The Conflict Avoidance Pledge

Brian Allan

Brian Allan, MD, Chartered Surveyor, Construction Claims Specialist and practicing Expert Witness at QSI Consultancy Group discusses the Conflict Avoidance Pledge (‘the Pledge’) and how this can support new build nuclear projects.

What is the Conflict Avoidance Pledge?

The Pledge was launched  in 2018 by the Conflict Avoidance Coalition Steering Group (CACSG), comprised of RICS, ICE, CIArb, RIBA, ICC, ICES, DRBF, Transport for London and Network Rail.  The Pledge aims to create positive change in the way disputes are managed in the construction and engineering sectors.   

By signing up to the Pledge individuals, businesses and organisations undertake to promote collaborative working and use early intervention techniques to try to avoid, manage and resolve differences of opinion more efficiently and before they become formal disputes.

The CACSG itself seeks to promote conflict avoidance methodologies in recognition of growing dissatisfaction with existing forms of dispute resolution.

The Conflict Avoidance Toolkit

Signatories to the Pledge receive the Conflict Avoidance Toolkit, which is designed to help parties avoid disputes or otherwise deal with disputes quickly and effectively (i.e. early intervention).  The Toolkit helpfully sets out steps that can be taken at each phase of a project, including pre-contract and post contract.  The concept of early warnings is identified, as is also enshrined in the NEC contracts.  Collaborative and mediative resolution of issues arising is promoted.  When determinative procedures are necessary, the Toolkit highlights that the procedure (and decision-maker) should be carefully selected to optimize the outcome (including time and costs) for the parties.

NEC and the Pledge

Many of the Contractors and Suppliers on Hinkley Point C will have been engaged under an NEC contract.  NEC (and its parent the Institution of Civil Engineers, a member of the CACSG) are a firm supporter of the Pledge.  The NEC contracts themselves are quite consistent with the objectives of the Pledge; e.g. requirement for early warning notices, prospective assessment of compensation events, the requirement to ‘act in a spirit of mutual trust and cooperation’, transparency, mitigation etc. (see also the author’s article on Dispute Avoidance under the NEC Form of Contract, March 2021).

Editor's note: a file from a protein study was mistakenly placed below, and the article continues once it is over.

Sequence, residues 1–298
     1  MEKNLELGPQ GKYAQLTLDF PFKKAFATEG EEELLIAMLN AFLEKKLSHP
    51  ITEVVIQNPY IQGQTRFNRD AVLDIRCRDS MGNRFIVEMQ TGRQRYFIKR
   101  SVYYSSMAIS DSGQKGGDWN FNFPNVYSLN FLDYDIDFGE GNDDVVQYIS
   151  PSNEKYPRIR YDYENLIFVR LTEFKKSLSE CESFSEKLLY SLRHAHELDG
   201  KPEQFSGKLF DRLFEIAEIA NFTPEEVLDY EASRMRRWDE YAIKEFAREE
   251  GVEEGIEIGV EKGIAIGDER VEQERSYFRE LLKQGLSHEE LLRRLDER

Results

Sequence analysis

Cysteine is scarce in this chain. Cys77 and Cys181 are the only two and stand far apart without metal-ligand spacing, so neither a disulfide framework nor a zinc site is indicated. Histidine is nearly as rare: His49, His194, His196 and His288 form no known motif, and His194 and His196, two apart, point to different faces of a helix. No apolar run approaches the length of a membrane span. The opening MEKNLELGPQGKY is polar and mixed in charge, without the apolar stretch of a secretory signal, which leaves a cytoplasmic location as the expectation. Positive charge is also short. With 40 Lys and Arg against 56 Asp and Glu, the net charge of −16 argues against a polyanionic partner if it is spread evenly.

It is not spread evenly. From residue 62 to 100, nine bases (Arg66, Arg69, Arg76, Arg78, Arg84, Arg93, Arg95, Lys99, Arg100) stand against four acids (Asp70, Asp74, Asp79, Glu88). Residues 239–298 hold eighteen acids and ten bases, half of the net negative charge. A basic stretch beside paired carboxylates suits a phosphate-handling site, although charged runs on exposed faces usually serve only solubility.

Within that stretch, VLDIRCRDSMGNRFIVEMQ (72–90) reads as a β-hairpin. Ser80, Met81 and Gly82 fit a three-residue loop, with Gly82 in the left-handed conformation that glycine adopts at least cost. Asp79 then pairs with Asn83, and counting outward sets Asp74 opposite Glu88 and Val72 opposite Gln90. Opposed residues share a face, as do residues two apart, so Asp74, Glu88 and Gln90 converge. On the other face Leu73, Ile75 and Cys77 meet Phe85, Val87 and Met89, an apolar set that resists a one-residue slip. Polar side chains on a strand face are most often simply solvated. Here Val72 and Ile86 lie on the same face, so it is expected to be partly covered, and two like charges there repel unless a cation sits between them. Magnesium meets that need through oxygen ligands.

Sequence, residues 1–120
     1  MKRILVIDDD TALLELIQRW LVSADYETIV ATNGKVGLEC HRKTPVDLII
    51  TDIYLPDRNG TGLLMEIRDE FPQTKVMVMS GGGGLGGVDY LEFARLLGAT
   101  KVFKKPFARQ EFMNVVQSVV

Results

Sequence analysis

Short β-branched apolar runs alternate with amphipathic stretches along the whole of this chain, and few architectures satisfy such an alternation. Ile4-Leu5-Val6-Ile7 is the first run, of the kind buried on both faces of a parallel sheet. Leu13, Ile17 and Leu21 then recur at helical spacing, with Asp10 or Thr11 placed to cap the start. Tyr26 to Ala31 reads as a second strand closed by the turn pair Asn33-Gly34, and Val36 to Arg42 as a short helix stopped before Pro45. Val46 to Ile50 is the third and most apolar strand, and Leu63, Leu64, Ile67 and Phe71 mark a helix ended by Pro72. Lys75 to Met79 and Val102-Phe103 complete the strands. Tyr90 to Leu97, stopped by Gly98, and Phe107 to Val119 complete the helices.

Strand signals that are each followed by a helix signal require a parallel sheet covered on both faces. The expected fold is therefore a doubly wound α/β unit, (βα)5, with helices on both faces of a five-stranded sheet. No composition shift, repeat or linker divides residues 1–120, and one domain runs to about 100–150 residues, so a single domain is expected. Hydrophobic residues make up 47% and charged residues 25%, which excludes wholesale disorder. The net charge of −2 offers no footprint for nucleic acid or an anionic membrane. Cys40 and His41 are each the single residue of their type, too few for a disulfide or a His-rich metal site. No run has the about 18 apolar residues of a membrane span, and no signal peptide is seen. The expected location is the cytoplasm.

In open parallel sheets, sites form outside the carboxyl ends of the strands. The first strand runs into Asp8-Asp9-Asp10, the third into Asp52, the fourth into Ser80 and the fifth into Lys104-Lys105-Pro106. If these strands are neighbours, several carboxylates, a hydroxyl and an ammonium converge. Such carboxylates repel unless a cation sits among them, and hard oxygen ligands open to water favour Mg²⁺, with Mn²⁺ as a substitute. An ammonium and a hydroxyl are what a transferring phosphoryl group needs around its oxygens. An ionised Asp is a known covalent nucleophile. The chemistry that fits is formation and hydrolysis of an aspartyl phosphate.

The Construction Playbook and the Pledge

The Cabinet Office’s updated Construction Playbook of September 2022 provides mandatory guidance for public sector contracting authorities.  This now includes a requirement for signature of the Pledge and the use of ‘boilerplate’ dispute resolution clauses.

The RICS Conflict Avoidance Process (CAP)

The boilerplate dispute resolution clauses mentioned above invoke the RICS Conflict Avoidance Process (CAP).  The adoption of CAP leads to, in the event of a dispute, the appointment of a Conflict Avoidance Panel by the RICS.   The Panel (an individual or panel of 3) will provide a reasoned non-binding recommendation, which the parties can either accept or use as the basis for negotiations.  The Panel remains available to support the parties’ settlement efforts.  The objective being to avoid more adversarial, length and costly formal procedures (e.g. arbitration or litigation).

Where existing contracts do not provide for CAP, the parties may still agree on an ad hoc basis to adopt the process.  Those parties currently working under an NEC contract will already be benefiting from the dispute avoidance and early resolution mechanisms within those contracts (i.e. NEC3, NEC4, plus options).    


Dispute avoidance and resolution will obviously be crucial for the nuclear new build industry going forward.  Given the long period from breaking ground to commercial operations, few parties to a nuclear new build project will have the ‘luxury’ of waiting until their works are complete before resolving disputes.  Traditional adversarial means of dispute resolution in the midst of challenging construction and commissioning activities are, in my experience, to be avoided if possible due to the resultant drain on key resources.  Therefore, to my mind, subscribing to the Conflict Avoidance Pledge and its ethos would be hugely beneficial for the nuclear industry. 

Whilst signing the Pledge does not bind parties to any particular dispute avoidance and resolution mechanisms, it signals an intention to follow a collaborative approach and the associated guidance supports this. 

The Pledge is gaining momentum and will likely also be promulgated internationally.  I would encourage all parties to the U.K’s nuclear new build projects to become signatories and to implement the underlying principles: Conflict Avoidance Pledge (

If anyone would like more information or related literature, please contact the author.  I would also recommend the related Conflict Avoidance Community on Linkedin for further insight.

Brian Allan, QSI Consultancy Group

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Posted July 24, 2023

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